Trailer for Vesturport’s Metamorphosis at Lyric Theatre

The factoid that escaped me at the time was that Vesturport are a physical theatre company of the Splintergroup kind. Their version of Kafka’s Metamorphosis is rather more athletic, rather less verbose, than your usual unearthing of a classic. One morning, when Gregor Samsa wakes from troubled dreams, he finds himself transformed in his bed into a horrible vermin, and expresses his distress by climbing on furniture, falling through floors, and being poetically backlit in bed. In the beautiful two-storey set, his room furnished at a 90-degree angle (opening onto the audience not the fourth wall, but the ceiling), this Samsa crawls around the house, down banisters and over the furniture. Although this production seems to feature the matinee cast (no Gísli Örn Gardarsson – the Vesturport mastermind – donning the Samsa suit), the ensemble still performs with rare beauty. Edda Arnljótsdóttir, Jonathan Mcguiness, Ingvar E Sigurdsson, Unnur Ösp Stefánsdóttir, and Björn Thors exhibit that beautiful acting grounded in physical gesture that still hasn’t migrated from Europe to the Anglosphere. Although I’ve heard a few miffed comments on the high pretention of the expressionist exaggeration, how beautiful to see stage presence that wastes energy! So, on the level of execution, it is all rather beautiful. Yet Metamorphosis is also a tad predictable, not because the insertion of movement is trite – there is nothing more profound than the human body moving – but because the text illustrates the acrobatics, and vice versa, without ever colliding into synergy. Like Splintergroup’s lawn (the two shows are extremely similar in discourse and execution), the performance never makes good use of all the elements it has assembled on stage – if anything, our local lawn comes across as the more imaginative, more magical of the two, because its internal inconsistencies, prejudices and immaturity are worn on its sleeve. The inconsequentiality of the equation dank apartment/Queensland/astro turf/Kafka still amounts to more than the Tim Burton sort of baby expressionism.

Interpretations of Kafka have been so numerous because all are possible: from Freud to Franz’s personal anxiety. For Vesturport, Metamorphosis is a domestic tragedy spilling over into the public, a case of political informing the personal. With a touch of unexpected, moving tact, the fears of the Samsa family anticipate the holocaust with such subtlety that most of the audience probably didn’t notice – and how else could one possibly treat the holocaust today?That Gregor’s family cannot accept the abnormality of their domestic re-arrangement becomes an image of tragic blindness when their lodger indignantly moves out, proclaiming that “the time will come when we will clean the vermin from our society.” From costume hints to acting moments, the invisible hand of the totalitarian society swelling outside the family house is always present.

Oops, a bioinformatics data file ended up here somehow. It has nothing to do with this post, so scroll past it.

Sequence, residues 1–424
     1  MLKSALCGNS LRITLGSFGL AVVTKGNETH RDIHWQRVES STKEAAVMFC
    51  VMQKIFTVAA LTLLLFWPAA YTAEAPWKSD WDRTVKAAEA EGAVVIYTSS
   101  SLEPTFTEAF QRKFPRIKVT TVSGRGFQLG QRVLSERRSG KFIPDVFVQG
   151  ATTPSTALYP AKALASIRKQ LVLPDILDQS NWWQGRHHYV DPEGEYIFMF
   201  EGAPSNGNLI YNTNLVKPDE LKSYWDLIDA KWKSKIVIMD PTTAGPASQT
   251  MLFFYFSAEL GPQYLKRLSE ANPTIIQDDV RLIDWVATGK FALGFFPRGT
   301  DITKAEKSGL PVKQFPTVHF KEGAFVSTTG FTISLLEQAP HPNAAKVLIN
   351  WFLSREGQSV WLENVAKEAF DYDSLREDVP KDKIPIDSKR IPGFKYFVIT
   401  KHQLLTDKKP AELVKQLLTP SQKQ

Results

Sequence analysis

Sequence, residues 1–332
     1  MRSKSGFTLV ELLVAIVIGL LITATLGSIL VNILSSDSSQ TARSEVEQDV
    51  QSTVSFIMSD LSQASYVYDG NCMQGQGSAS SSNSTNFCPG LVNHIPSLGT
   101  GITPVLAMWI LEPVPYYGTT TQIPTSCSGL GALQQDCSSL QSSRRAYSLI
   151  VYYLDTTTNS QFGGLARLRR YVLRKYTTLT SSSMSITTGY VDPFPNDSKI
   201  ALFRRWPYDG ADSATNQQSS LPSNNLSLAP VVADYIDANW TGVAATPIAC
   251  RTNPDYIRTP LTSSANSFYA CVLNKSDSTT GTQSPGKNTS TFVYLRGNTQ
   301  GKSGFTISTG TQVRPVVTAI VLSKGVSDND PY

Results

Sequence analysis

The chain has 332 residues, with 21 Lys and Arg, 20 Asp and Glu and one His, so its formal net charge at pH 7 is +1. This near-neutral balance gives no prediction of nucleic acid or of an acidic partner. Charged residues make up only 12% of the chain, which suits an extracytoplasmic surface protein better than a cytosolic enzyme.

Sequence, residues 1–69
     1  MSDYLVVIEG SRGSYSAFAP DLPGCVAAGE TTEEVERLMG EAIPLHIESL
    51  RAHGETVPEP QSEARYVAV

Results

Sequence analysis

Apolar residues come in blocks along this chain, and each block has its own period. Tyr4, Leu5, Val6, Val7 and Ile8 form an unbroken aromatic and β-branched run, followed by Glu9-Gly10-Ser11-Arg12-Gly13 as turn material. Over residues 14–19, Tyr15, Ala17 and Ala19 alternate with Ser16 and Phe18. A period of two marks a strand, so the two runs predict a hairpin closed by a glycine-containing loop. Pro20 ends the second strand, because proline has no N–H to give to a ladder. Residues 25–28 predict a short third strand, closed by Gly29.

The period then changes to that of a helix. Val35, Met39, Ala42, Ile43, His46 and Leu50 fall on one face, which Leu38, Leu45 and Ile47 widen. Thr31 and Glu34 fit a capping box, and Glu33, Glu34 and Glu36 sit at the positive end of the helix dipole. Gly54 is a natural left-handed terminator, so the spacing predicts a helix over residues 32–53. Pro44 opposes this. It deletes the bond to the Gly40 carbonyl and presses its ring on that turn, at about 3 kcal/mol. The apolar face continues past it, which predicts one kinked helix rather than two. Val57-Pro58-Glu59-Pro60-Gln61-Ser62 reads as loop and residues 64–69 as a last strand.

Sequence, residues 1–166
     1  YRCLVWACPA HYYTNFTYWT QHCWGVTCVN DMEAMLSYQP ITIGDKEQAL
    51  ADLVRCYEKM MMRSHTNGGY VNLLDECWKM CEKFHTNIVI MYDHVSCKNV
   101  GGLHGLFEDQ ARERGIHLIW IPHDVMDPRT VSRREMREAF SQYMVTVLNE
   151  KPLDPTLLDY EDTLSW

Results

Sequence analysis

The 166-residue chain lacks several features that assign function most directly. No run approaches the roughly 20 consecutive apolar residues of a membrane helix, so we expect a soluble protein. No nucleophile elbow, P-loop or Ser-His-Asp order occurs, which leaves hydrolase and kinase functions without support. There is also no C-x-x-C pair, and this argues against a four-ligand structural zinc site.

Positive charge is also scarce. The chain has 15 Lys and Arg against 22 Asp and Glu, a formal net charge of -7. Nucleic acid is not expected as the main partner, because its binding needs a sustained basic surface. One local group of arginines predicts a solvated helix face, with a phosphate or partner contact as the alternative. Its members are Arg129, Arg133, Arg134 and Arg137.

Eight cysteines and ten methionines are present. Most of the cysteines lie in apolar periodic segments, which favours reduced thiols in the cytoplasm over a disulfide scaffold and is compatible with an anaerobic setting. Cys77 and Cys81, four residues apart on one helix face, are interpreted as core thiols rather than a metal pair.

However, Metamorphosis is a story too simple to adorn with spectacle and not lose some of the sharp, abstract poetry. Apart from rebuilding it from scratch, there is little that a stage version can add to the classic, which begs the question why do it in the first place. As much as it is amusing – and perhaps very interesting for whoever in the audience wasn’t familiar with the story, bless them – the pretext to make the work in the first place seems somewhat flippant. For all the physical prowess and set gorgeousness, even the final scene, a glibly beautiful garden that opens for the relieved family once Gregor has dropped dead, it never amounts to much more than anxiety with acrobatics.

My impression, post-week of very ordinary mainstream, is that Melbourne’s impression of STC may be fundamentally skewed by the fact we get only the highlights touring. Ambitious middlebrow is an excellent thing, of course. But let’s admit when it fails.